What skills do you need to acquire, and which strengths must you improve?
The areas where you need to invest in your learning.
Because to keep growing and to be ready for bigger goals, you must increase your knowledge, wisdom, and capabilities.
Your Learning Plan – Continuous Improvement In All Areas
Knowledge and wisdom are two magnificent concepts that separate humans from the rest of the animal kingdom. Knowledge represents the information we collect, retain, analyze, recall, and share. Wisdom is how we use it.
By and large, most of us get a formal education in the first part of our lives. That is usually in school, college, graduate school, and any other type of private or public education system. In addition, we also accumulate knowledge from our parents, friends, and other people that we look up to. On top of that, we have our own experience in the actual world from which we draw new lessons, sometimes the hard way. Last but not least, there’s also self-learning, which we do by reading, observing, watching, listening, and so on.
That’s all great, but the problem is that most people stop learning once their schooling ends. The only learning that continues is on-the-job training, which consists mostly of sharpening existing skills you might need to perform your job. So, if you are an accountant who gets a job at an auditing company, you will now improve your auditing skills as a sub-set of your accounting skills. Most of the time, your job imposes this on you rather than it being a personal decision.
Is that enough? Obviously not. You are following this very program because you want to live a more fulfilled life. That means reaching for your vision and actively working toward your mission, which requires you to set goals and pour massive action behind them. The bigger the goals, the bigger the challenge. Just as how in school you encountered things you didn’t know how to do, and you then had to learn about them, in the school of life, you will face goals that require you to do things you either cannot do or don’t know how to do. Yet.
That brings us to this part of your Creation Voyage — the Lifelong Learning Plan.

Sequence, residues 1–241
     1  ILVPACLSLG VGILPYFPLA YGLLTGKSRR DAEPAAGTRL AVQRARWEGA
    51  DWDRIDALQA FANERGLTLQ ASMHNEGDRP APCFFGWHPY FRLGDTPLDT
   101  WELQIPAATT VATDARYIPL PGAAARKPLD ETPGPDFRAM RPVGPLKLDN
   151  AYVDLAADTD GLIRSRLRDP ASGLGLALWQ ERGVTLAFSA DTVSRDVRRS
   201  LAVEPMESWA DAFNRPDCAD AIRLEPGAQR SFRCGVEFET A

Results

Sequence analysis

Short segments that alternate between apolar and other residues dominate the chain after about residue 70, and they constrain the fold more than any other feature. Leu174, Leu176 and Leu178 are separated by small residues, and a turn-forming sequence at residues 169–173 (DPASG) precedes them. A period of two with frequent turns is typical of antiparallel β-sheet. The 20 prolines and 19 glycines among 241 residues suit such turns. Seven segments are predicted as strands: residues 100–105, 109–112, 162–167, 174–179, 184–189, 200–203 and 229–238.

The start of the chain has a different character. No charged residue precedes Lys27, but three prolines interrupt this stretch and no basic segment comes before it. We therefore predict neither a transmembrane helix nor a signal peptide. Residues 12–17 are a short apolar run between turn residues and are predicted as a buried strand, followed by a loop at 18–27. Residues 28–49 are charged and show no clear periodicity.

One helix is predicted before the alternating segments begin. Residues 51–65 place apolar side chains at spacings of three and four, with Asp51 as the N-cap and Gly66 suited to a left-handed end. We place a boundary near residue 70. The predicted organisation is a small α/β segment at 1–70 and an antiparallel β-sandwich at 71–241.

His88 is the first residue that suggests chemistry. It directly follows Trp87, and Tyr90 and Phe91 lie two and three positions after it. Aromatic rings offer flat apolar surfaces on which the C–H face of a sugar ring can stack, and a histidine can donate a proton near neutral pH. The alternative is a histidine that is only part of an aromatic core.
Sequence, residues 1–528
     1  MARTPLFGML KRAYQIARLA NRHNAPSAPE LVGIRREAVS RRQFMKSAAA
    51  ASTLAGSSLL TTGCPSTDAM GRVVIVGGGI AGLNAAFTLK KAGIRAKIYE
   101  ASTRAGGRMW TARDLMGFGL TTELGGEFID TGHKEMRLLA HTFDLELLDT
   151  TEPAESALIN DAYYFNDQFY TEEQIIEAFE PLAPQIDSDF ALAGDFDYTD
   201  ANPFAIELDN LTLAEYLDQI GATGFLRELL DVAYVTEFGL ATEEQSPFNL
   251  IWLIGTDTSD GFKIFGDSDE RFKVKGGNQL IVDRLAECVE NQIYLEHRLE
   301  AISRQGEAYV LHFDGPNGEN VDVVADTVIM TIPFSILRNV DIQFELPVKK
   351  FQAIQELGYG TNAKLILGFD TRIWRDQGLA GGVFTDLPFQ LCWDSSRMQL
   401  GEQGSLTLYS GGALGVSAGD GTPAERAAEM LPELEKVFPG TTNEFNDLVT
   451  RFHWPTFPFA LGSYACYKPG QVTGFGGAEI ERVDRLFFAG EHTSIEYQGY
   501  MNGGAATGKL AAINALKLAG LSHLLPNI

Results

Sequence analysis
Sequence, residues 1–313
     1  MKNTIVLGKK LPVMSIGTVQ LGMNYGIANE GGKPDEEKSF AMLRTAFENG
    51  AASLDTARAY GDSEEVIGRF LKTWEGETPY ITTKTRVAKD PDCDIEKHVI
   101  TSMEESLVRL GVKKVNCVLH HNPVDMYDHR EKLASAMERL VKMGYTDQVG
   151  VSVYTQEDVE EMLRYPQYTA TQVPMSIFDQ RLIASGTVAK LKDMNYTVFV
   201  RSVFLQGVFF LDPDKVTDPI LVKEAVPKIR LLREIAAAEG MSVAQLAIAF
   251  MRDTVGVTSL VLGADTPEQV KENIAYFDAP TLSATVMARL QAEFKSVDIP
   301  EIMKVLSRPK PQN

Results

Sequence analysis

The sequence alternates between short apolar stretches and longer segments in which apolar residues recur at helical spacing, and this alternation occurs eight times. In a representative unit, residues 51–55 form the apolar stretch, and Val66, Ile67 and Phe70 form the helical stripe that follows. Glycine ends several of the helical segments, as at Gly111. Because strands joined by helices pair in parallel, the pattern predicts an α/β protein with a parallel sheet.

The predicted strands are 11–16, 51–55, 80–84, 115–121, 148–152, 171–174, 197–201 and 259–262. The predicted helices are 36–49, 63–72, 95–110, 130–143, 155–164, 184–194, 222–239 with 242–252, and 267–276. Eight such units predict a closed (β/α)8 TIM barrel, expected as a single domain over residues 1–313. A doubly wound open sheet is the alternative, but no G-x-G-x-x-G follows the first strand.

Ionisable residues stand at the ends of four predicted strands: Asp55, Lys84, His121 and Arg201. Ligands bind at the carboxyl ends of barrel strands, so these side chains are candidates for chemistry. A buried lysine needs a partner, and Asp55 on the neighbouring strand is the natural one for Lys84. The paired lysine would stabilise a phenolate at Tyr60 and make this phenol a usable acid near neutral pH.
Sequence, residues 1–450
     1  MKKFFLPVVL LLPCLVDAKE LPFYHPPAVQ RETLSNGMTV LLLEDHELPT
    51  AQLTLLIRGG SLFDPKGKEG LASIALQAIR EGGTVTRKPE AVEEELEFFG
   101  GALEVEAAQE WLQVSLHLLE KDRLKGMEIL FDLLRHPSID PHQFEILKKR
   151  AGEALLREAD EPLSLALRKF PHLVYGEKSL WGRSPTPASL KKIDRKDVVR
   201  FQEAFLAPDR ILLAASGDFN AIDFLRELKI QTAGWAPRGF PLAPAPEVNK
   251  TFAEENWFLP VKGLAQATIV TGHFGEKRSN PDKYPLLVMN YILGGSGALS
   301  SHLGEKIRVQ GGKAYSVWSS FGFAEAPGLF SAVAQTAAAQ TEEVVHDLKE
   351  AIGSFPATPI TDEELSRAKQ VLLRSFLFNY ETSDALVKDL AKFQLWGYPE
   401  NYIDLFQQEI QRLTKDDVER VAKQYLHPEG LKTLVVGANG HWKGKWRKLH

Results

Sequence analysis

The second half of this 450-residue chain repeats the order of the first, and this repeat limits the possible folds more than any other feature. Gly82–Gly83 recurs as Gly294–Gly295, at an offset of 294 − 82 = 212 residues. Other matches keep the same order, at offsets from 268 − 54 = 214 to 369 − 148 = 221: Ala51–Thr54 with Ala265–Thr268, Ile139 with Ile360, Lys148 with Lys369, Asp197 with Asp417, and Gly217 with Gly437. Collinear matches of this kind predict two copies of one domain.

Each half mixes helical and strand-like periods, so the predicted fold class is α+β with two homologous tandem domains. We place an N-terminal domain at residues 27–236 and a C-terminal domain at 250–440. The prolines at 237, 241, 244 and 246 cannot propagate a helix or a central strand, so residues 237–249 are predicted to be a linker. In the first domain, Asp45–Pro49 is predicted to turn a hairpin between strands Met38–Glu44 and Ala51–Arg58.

A Personal Lifelong Curriculum
The obvious difference between learning in school and learning by yourself is that you had twelve to fifteen years of a formalized curriculum in school. Basically, you trusted the creators of the education system to tell you what to learn, how to learn it, when to learn it, and how to be tested for it. The other difference is that if you didn’t study, you’d be punished through your grades, and poor grades could make your life difficult.
So then, how can you create a system of personal learning that takes the best parts from the formal education system, tosses out the bad ones, and makes it a lifelong, fulfilling experience?
In this little voyage, you will design your personal life-learning plan, following three simple steps:
- Interests (Research)
- Learning (Improvement)
- Practice (Mastery)
1 Research & Interests
As I mentioned in the section on Passion, one way to expand your horizon is by exposing yourself to various topics and rich experiences. By opening yourself up to fresh opportunities, you will uncover exciting subjects and themes that might spark a future passion. So to nurture this, every year, you should strive to dip your toes into something new, something you haven’t tried before.
Note that there will be a minimal investment here: the idea is to pick something new and try it out. It’s all about low-key experimenting. It might involve picking up a book on psychology or learning how to create a new language. Or, perhaps, taking up pottery or learning how to dance swing. Whatever it is, you can start from the spark of an idea and expand from there.
One other way you can discover things to experiment with is by finding people around you who have different interests. Does your wife or husband like to dance salsa? Maybe you should join them. There is no rule here, except for being as open-minded as possible.
In this area, please be mindful of the time invested in these types of interest-sparking activities. You don’t want this to become your focus and completely hijack your attention. Sometimes it’s tempting to seek new ways when the current path is too steep; that is not the point of this process. Make sure you limit the time invested into these research activities to just enough to scratch the surface. Don’t let them become a chase for the greener grass on the other side of the fence just because you are uncomfortable with what’s in your yard.
1 Learning & Improvement